How many people operate the instrument?
 
One person handles the pre- and one the post-PCR side. The pre-PCR person more or less is a full-time person. We also do enough non-standard library preparations [such] that we are not just following the standardized protocol. The post-PCR person is just breaking the emulsions, purifying the beads, and putting them on the instrument. We have a very skilled person who manages that side, but the actual [people who] do it are graduate students from engineering, they work part-time for us. They have never had any molecular biology experience. It’s just attention to detail [that’s required.]
 
How much do you charge for using the GS 20?
 
For the library construction and titration, [we charge] about $4,200 to $4,300, [and for] a production run on the GS 20 about $7,000. If you want to do subsequent full production runs, that’s an additional $7,000. That’s pretty close to our cost.
 
I feel like, in many cases, the cost was small enough that [initially, investigators] were able to pull it out of non-committed resources. When the instrument first got here, they did not have a grant that specifically said they were going to spend money on 454 sequencing, because they could not possibly have known that.
 
I got some feedback from investigators who proposed a lot of 454 sequencing very early in the game, and I think some of the funding agencies, I am thinking of [the National Science Foundation], were a little skittish. I think now, [the technology] stood the test of time, so larger projects are having money specifically ear-marked [for 454 sequencing].
 
Did you ever find yourselves competing with 454’s service center?
 
Initially, they recognized that in order for this technology to catch on, they needed to have real projects be done, and people talking about it in meetings. I think that they were doing work for less than those of us on the outside could do it. After all, they were making the kits. I was not the only one that mentioned that fact to them. Because I had investigators that kicked in money to buy our instrument who were hearing from colleagues that they were actually having things done at 454 for less than we could do it. I’d say, ‘I know what I pay for my kits. Unless I’m going to lose money on everything I do, I can’t match that price.’ My understanding is that eventually that did get rectified, and that the cost of having things done at 454 has increased.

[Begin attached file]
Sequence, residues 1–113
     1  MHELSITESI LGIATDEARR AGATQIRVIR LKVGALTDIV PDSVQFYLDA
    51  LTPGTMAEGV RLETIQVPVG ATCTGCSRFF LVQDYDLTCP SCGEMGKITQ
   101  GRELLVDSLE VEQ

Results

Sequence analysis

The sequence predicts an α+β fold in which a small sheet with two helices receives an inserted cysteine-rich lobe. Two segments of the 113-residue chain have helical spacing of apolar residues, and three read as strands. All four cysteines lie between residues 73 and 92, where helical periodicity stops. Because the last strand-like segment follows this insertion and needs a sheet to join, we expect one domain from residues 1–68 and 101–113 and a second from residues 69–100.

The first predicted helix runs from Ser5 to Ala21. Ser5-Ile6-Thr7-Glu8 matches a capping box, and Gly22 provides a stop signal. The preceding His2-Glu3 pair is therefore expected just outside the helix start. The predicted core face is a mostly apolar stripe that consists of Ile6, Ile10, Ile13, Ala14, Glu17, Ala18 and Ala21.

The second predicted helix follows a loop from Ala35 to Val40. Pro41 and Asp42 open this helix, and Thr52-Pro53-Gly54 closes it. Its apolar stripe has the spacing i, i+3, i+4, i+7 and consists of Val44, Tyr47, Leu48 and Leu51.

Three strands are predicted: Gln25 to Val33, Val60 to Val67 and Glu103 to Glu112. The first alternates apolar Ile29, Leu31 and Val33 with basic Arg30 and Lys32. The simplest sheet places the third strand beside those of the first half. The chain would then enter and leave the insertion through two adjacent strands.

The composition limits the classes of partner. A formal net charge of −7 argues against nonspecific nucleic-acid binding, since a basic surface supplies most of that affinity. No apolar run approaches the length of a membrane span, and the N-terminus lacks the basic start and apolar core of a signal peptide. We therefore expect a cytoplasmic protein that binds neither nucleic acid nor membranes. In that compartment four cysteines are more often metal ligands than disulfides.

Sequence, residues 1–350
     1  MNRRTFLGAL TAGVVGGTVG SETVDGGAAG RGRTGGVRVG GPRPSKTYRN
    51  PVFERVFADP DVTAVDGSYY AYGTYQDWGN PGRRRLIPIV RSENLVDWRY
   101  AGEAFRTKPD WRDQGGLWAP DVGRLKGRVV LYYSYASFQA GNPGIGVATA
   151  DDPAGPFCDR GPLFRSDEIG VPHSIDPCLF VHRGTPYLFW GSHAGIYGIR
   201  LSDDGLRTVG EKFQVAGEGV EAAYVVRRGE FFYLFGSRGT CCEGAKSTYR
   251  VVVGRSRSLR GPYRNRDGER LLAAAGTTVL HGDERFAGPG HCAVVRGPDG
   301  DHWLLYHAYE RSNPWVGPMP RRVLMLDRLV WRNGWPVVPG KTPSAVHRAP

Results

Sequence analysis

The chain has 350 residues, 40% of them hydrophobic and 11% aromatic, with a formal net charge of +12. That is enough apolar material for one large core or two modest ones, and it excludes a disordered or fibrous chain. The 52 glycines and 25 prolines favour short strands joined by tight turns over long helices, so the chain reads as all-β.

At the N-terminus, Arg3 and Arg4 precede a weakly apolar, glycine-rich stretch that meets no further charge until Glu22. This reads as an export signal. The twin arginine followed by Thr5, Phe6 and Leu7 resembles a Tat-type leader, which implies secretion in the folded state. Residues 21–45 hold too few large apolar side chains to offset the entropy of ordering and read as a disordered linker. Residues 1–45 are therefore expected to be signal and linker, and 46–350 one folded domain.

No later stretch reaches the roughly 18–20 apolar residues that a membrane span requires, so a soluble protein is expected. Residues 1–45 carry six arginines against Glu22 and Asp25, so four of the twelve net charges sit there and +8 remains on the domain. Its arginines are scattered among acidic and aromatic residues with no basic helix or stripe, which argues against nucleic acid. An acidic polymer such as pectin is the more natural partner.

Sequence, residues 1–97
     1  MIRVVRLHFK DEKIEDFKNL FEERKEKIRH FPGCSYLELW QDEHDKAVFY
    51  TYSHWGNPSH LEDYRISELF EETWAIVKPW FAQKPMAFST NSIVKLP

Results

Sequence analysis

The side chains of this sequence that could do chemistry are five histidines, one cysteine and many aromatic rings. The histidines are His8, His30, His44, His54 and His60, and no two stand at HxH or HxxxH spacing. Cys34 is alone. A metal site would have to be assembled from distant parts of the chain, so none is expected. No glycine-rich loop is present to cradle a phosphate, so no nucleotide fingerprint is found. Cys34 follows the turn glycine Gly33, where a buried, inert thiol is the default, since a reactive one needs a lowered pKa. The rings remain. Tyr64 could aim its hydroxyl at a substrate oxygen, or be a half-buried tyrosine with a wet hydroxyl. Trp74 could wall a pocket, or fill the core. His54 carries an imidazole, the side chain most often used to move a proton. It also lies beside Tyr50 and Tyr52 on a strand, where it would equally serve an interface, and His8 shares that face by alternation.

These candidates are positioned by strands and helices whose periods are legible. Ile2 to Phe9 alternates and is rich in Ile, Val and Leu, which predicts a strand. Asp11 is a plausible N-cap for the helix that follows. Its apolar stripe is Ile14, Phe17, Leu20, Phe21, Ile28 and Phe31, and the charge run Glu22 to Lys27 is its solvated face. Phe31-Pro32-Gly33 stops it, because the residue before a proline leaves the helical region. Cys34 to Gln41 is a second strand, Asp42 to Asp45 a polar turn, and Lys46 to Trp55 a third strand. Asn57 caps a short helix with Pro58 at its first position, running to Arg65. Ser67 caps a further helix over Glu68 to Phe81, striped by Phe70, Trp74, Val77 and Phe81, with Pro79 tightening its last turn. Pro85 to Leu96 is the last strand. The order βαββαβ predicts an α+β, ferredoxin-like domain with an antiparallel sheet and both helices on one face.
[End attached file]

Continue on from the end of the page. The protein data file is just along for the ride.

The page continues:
Also, I know that some people from outside the university that have contracted with us to do runs on our instrument came to us because our queue was much shorter than [454’s] was. They seem to be pretty busy.
 
Who has access to the instrument, and how well has it been accepted?
 
It’s highly accepted. We have done well over 100 runs on the instrument. It’s a publicly available service. Easily the bulk of what we do, 80 to 85 percent, is on-campus work, and the rest of it comes from various places off campus. The machine is pretty heavily used. A lot of projects right now were stalled because everybody knew we were getting the [GS] FLX upgrade on the instrument. They knew the longer reads and the [higher] yield would benefit their projects. I helped bring [the new FLX] upstairs yesterday from the loading dock. I am guessing that somewhere next week we will be operational on the FLX instrument. [But] we have continued to be busy on the GS 20, because there are certainly things that actually, you can do better on the GS 20 than on the GS FLX.
 
Where does each instrument have its strength?
 
Where length matters, as you are assembling something, every nucleotide you can get is money in the bank. But if what you are doing is just ID-ing things, you need enough unique sequence that you can get a Blast hit. Or if you are just counting; the application where this really matters is things like transcriptome analysis. In that case, if you have got a 100-nucleotide sequence, which you get off the GS 20, you can pretty much unambiguously assign [it], you don’t need 200 to do it. The FLX will give you a longer read, but at a cost, because you are doing more cycles, you are burning more reagents, and it’s more expensive.
 
Isn’t it possible to tune the FLX down, to do fewer cycles?
 
Since we are an early adaptor of the GS 20, we are earlier in the acquisition of the FLX. There will be kits available to run smaller plates and do fewer cycles on the FLX, but they are not available at this time.
 
What have been the most important applications for your instrument so far?
 
There was exactly one written application for the instrument when we acquired it, and that was bacterial genome sequencing. The things we were asked to do on the instrument was virtually everything but that, at least initially. The bacterial genomic work has picked up quite a bit. Between mycoplasma and bacteria, I suppose we have done more than 12 different ones on the instrument. We have [also] done a lot of whole-transcriptome sequencing from normalized cDNA preparations. We have done ultra-deep sequencing on 16S ribosomal DNA [as well].
 
How important is the bioinformatics and data-handling end of it?
 
I’d like to think that because we were handling a lot of Sanger sequencing, we were not naïve about handling the data. We already had a pretty good bioinformatics pipeline in place for doing assemblies, doing Blasting, annotating sequence information, and delivering it back out to clients.